Scope of Work: up to 3,000 units of mixed-income residential

Scheduled Completion: phased through 2025

Check out this Boston Globe article.

Breaking Ground: Freedom House Community Center HQ

July 20, 2016 – 

Representatives from DREAM Collaborative and Janey Construction joined Mayor Martin J. Walsh to celebrate the ground breaking for Freedom House’s new community center headquarters. The project transforms the single-story, 8,440 sf Grove Hall Library building at 5 Crawford Street in Dorchester with an interior fit-out including office, technology lab, and teaching spaces, as well as envelope and roof repairs to the existing structure. The new facility will meet LEED standards for certification including high energy efficiency systems and materials, resulting in significantly reduced operating costs. Freedom House is a non-profit organization that provides youth programs aimed at transforming the economic and cultural fabric of high-need communities through education and leadership development.

Read more about the ground breaking at Freedom House at the City of Boston’s web site.  A rendering of the new facility can be seen here.

AIA’s 2016 Report on Diversity

Earlier this year, the American Institute of Architects (AIA) published a report on Diversity in the Profession of Architecture.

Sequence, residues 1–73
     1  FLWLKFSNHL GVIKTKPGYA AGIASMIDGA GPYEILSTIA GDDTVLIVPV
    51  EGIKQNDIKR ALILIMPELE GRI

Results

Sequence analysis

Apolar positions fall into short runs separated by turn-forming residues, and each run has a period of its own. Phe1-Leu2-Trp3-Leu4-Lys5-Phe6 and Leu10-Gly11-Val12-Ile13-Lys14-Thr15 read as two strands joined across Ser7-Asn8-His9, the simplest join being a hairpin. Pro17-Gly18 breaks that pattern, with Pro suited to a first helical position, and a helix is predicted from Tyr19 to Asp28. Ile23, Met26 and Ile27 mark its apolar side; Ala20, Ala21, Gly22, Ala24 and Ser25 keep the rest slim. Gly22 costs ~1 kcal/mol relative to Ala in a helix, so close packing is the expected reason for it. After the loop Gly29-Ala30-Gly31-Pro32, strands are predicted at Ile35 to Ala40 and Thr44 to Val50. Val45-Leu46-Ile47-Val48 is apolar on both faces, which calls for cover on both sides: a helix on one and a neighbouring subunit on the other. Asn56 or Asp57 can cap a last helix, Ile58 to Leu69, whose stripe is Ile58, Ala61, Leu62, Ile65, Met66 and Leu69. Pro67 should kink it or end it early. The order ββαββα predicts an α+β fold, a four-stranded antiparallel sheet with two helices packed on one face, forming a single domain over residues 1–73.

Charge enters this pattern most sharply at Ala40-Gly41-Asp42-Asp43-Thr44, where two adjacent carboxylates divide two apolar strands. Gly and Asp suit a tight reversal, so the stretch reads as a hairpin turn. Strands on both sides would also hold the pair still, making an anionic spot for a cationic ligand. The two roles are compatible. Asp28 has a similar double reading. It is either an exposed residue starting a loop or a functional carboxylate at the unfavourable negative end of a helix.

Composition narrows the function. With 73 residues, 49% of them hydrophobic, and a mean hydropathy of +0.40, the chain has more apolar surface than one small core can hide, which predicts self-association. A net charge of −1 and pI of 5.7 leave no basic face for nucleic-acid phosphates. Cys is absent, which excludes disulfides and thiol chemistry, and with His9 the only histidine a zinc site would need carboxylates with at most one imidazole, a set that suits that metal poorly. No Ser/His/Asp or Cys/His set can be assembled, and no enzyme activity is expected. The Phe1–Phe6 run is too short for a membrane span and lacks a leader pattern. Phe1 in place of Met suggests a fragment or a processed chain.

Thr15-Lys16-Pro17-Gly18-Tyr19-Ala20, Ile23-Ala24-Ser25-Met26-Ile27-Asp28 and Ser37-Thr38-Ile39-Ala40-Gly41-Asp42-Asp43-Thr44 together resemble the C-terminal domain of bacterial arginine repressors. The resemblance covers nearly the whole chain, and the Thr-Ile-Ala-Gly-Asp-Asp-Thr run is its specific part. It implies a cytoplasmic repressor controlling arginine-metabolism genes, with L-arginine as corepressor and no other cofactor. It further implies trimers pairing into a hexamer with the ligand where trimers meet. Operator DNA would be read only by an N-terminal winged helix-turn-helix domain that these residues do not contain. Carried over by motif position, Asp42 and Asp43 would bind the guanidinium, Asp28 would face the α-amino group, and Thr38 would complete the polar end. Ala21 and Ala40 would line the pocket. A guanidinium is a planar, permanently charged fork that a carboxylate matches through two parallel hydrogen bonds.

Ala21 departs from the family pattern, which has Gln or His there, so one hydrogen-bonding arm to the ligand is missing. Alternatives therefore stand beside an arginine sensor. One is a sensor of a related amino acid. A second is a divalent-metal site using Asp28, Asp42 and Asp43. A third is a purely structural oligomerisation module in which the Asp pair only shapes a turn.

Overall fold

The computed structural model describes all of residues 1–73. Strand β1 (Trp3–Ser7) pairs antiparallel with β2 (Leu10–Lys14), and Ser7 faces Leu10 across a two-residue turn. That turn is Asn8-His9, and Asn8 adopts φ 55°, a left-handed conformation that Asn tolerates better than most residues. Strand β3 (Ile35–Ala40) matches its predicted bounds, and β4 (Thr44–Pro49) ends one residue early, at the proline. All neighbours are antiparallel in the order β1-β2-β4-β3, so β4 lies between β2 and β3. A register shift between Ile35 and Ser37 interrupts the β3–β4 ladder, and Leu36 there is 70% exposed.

The AIA’s report concludes that, while improving, women and people of color continue to be underrepresented in the field.

Contributing Factors

According to the AIA’s survey, the key factors that contribute to the under-representation of people of color include:

  • difficulty affording the costs associated with a degree in architecture
  • few role models in architecture
  • knowledge of architecture as a career option.

The top factors cited for the under-representation of women were related to work-life balance and include long hours that make starting a family difficult and lack of flexibility related to schedules, job sharing, or working remotely.

Both women and people of color say they are less likely to be promoted to more senior positions. Gender and race are also obstacles to equal pay for comparable positions, but this is particularly so for women.


Both women and people of color in architecture would benefit from:

  • industry-funded scholarships
  • mentorship programs
  • clear written criteria for promotion
  • attracting more women professors and professors of color to teach in architecture programs.

According to the report, additional strategies for addressing the under-representation of people of color in architecture could include: outreach to middle and high school students and industry support for the National Organization of Minority Architects (NOMA).